“My whole life,” Harris continued, “I’ve only had one client: the people.” To her, that meant fighting for sexual assault survivors, fighting for fairness within the justice system itself, fighting for families who had been defrauded by banks, and a host of other worthy causes.
Fighting “for the people” is broad, deep, and almost impossible to quibble with. Even if some find fault with parts of Harris’s biography or stances—and they certainly will—fighting for the people is the good fight.
It is also an unmistakable reference to “We the people”—the emotional centerpiece of our country’s founding documents. To be a Democrat in modern America is to believe in the power of the people and the masses over that of any individual who reigns by virtue of their wealth or privilege. It’s to believe in the notion that together we are made stronger and better. Or as President Obama often said, e pluribus unum: out of many, one.
As Harris noted, “I’m running to be president, of the people, by the people, and for all people.”
Whoever wins in 2020 will prevail to the extent that they are able to overcome divisions in the country and tell a story that’s relatable and inspiring to as broad a cross-section of this nation as possible. “For the People” is automatically inclusive, and it is indeed driven by a biography Harris can lean on.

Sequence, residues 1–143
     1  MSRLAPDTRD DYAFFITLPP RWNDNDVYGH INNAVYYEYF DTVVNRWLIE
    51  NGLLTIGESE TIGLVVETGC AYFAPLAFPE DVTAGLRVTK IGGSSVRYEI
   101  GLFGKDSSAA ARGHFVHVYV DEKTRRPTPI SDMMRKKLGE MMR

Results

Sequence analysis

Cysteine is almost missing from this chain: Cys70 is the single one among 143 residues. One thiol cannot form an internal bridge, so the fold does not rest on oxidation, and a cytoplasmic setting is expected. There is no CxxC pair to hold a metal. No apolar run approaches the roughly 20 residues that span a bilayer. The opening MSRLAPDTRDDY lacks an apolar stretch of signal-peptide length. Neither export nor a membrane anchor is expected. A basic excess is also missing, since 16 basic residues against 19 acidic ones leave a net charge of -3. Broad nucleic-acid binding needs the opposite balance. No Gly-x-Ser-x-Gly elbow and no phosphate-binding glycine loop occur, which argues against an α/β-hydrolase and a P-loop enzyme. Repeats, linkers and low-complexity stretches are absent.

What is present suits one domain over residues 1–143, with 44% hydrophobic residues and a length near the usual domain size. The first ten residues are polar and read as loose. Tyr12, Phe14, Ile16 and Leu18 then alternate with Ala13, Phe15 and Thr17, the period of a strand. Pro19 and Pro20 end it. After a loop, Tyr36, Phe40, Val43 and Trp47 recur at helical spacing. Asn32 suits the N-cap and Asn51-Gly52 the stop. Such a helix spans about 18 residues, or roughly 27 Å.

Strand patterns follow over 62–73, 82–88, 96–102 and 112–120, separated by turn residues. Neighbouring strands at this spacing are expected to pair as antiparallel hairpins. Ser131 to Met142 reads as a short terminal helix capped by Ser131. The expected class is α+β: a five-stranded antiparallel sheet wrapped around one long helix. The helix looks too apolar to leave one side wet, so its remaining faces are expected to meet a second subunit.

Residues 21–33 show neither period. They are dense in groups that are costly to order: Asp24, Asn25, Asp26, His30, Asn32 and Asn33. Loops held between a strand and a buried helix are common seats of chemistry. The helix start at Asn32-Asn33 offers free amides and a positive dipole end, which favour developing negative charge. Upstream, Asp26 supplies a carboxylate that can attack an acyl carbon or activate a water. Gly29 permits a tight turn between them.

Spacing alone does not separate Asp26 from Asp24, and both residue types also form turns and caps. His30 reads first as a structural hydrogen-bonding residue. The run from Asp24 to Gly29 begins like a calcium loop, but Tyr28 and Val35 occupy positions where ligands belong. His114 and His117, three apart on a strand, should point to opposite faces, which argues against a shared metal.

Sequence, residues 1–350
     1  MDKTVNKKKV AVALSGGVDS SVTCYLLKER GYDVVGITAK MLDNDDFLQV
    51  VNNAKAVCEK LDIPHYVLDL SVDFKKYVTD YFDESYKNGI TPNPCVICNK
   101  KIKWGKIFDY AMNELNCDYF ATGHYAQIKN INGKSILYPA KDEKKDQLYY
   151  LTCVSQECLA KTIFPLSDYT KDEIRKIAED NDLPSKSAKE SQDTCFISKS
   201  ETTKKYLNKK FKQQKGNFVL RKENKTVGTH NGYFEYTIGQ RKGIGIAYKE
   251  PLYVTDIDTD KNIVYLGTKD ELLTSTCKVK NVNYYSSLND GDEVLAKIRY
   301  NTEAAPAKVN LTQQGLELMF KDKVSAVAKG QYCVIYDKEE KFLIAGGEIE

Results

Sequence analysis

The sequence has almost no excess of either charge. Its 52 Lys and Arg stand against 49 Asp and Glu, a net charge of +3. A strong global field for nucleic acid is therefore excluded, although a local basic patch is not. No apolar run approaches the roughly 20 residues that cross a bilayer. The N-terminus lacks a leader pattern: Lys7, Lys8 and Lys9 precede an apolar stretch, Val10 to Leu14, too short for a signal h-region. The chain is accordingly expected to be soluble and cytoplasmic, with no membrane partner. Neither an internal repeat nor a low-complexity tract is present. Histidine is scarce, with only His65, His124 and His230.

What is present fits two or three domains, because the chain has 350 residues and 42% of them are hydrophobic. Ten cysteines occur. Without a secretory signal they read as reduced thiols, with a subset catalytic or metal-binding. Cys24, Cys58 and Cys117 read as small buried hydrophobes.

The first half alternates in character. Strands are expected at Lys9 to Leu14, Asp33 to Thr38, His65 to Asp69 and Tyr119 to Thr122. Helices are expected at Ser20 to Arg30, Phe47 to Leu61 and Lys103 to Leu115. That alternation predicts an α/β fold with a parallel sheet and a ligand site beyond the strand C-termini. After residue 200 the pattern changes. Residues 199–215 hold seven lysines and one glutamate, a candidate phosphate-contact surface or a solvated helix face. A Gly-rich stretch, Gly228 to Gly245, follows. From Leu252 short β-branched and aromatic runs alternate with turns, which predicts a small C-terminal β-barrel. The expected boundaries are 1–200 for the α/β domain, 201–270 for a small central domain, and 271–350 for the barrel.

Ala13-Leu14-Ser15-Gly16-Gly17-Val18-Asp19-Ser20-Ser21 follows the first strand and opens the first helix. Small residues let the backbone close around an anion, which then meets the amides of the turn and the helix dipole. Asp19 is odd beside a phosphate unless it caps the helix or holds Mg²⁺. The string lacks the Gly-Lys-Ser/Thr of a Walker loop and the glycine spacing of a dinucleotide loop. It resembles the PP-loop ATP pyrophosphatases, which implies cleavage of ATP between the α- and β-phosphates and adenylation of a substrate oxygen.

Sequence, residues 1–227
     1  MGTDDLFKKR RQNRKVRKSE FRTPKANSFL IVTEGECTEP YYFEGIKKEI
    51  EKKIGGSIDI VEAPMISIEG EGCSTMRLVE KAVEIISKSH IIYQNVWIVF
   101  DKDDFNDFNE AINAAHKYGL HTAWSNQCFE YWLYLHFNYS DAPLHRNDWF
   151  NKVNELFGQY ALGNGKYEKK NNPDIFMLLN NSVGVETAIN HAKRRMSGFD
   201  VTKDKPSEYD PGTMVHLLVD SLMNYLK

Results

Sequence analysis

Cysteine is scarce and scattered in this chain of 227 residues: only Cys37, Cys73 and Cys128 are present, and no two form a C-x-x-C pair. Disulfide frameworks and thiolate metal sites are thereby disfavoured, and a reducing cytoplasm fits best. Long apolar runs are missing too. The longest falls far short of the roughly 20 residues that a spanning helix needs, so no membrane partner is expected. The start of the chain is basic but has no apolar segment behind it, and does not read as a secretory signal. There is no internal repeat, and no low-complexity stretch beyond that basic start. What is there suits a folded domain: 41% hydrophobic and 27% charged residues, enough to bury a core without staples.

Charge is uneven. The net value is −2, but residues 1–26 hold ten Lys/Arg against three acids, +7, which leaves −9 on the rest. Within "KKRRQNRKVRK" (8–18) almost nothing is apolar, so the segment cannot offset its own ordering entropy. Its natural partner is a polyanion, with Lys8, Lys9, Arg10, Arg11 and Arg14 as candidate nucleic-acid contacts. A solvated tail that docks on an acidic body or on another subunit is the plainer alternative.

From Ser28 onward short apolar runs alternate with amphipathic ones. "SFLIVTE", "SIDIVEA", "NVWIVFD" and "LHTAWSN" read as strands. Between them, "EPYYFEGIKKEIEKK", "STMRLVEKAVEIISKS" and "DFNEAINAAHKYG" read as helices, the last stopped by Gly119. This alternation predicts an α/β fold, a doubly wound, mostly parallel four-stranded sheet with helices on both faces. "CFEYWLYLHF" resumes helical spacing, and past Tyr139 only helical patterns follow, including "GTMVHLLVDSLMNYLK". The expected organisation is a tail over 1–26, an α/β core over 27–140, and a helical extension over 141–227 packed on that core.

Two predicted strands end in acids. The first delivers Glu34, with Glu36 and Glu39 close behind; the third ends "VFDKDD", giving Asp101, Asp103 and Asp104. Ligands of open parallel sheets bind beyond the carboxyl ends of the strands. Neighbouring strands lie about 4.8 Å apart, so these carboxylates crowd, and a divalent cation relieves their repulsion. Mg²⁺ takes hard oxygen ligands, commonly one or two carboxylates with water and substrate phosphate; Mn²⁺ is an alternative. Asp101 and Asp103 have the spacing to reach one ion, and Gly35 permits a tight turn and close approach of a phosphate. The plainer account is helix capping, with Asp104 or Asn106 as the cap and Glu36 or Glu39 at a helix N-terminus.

Over the coming the months, there’s going to be a lot of noise, particularly as reporters and rival campaigns pick apart candidates’ biographies and votes. Unless someone has done something that you consider just absolutely disqualifying, I encourage you to try to ignore it for now and focus on whether you think candidates are connecting with you and whether you feel personally drawn to them. No one is going to have a perfect record. What we’re looking for is someone who can provide the nation with an inspirational vision that can bring a giant swath of the country along with them. That’s the candidate we want to top the Democratic ticket heading into 2020.